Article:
Alfalfa’s Market hired a local artist to create a massive sculpture of a rooster that weighs 5,000 pounds and is 8 feet tall. The sculpture is massive and made of metal.
The new rooster sits outside of Alfalfa’s Market at 1651 Broadway in Boulder. The natural foods market recently unveiled the rooster in a community ceremony. The sculpture is considered a gift to the community from the market, which traces its roots many years back in the Boulder community.
“We consider this our gift to the community,” said Mark Retzloff, Alfalfa’s CEO and co-founder. “We’ve long admired Robert’s work and first talked to him a year ago when we were remodeling the store to bring Alfalfa’s back to Boulder. Boulder is known for its unique sculptures scattered around town. We collaborated with Robert to create our Rooster – Alfie – as an iconic addition to Boulder’s eclectic sculpture collection. His use of old farm equipment from local farmers is a symbolic reminder of the hard working farmers who grow the fabulous food we sell in our store.”
The artist who made the sculpture spent 11 months and 1,400 hours working on it. It also took 3,000 pieces of farm equipment. The artist is from the Niwot area and created the work of art in his workshop there.
The artist, Robert Bellows, also made another well-known Boulder sculpture. The Owl sculpture sat at 16th and Spruce streets for some time. The Owl then went to Alfalfa’s. Now the new Rooster, named Alfie, will take his perch at the corner of Broadway and Arapahoe in Boulder.
Robert Bellows scours Colorado’s farm communities to reclaim scrap metal from plowshares, sickle guards, tractor springs and other old farm equipment discarded by farmers who have embraced new technologies in farming. Bellows believes using this recycled material adds an extra dimension to his art and forges a deeper connection with the patron. More than 40 years ago, at the young age of 20, Bellows was inspired working as a farm-hand on a 13,000 acre cattle ranch in Wyoming. He saw discarded farm implements, old tools and worn down machinery that was scattered about the farms he visited, and was inspired in his art by the old way of doing things. For the last 44 years he has lived in Boulder County and has created beautiful sculptures out of reclaimed scrap metal from local farms.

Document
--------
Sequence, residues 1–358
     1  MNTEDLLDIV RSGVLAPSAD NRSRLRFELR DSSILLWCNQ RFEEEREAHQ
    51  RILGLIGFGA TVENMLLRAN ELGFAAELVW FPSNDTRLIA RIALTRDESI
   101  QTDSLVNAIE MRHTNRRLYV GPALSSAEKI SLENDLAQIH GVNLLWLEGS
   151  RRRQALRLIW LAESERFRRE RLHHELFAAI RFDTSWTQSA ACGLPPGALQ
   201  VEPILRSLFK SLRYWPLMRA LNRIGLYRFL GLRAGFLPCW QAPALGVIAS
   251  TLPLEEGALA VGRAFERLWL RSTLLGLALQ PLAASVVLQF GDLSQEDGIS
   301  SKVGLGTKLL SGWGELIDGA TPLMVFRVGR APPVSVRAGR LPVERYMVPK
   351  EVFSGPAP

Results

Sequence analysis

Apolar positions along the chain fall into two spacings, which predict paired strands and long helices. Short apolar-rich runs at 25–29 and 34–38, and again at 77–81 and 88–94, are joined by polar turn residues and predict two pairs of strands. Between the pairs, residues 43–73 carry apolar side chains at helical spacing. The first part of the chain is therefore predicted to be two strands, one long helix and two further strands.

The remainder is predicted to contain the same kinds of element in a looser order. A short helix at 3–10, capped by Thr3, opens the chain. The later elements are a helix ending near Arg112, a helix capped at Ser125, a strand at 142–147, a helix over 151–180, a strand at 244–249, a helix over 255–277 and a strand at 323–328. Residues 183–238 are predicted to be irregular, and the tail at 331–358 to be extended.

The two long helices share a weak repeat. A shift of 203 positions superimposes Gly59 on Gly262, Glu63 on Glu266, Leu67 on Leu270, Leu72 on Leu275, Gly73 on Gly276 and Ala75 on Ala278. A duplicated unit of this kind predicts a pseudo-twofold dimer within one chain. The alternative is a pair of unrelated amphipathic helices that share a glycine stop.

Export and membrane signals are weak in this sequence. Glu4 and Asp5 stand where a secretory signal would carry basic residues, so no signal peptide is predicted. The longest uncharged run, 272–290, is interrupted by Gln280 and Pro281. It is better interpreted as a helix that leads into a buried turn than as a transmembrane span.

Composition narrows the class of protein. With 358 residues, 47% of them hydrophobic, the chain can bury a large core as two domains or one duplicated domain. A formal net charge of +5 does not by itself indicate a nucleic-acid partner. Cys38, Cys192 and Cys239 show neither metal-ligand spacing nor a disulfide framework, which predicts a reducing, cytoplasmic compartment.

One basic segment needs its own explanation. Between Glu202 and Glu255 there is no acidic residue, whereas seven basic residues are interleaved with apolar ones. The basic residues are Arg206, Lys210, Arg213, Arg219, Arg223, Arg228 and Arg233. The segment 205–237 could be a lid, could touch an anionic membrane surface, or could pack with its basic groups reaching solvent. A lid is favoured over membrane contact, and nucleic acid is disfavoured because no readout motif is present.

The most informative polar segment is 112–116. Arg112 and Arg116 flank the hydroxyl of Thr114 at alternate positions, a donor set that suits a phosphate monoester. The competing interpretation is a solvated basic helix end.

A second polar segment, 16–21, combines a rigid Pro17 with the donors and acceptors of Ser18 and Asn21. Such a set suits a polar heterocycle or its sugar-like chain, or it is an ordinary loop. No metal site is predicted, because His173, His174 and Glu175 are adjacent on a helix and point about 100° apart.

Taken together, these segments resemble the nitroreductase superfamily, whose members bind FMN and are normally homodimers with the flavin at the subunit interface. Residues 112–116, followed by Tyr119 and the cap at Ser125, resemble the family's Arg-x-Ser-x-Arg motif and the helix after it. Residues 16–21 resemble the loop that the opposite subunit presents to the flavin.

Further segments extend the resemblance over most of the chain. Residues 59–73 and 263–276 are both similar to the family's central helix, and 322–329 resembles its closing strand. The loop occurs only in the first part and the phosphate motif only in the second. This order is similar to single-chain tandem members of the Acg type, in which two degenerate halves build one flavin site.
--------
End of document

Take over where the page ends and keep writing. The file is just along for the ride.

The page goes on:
The natural grocer said the rooster symbolizes the efforts of Boulder County farmers and others across the region. The rooster was made using local materials. The farming equipment was both donated and purchased.
The Rooster just wasn’t Bellows work alone. Others volunteered and helped, including local teens and veterans.
“Alfie is doing his job, establishing his territory, building his nest,” said Bellows. “He is powerful, yet gentle. There was a moment while constructing the Rooster that I realized he needed a heart, so I built him a heart using more than 200 steel plugs. Much like Alfalfa’s, he is here for the community. He is led by his heart.”
Alfie the Rooster also has a 25-pound heart within his chest. The sculpture features two glass scopes so you can see the heart using a light.
Founded as Pearl Street Market in Boulder, Colorado in 1979, Alfalfa’s Market grew to be one of the nation’s leading-edge natural products retailers throughout the 1980s and 1990s. With 11 stores and an iconic reputation for being a community gathering place filled with an infectious passion for natural and organic foods, Alfalfa’s Market was acquired by Wild Oats Markets in 1996. Now, 15 years after the merger, Mark Retzloff, an original Alfalfa’s founder, Barney Feinblum, Hugo van Seenus and Jimmy Searcy have resurrected the Alfalfa’s name.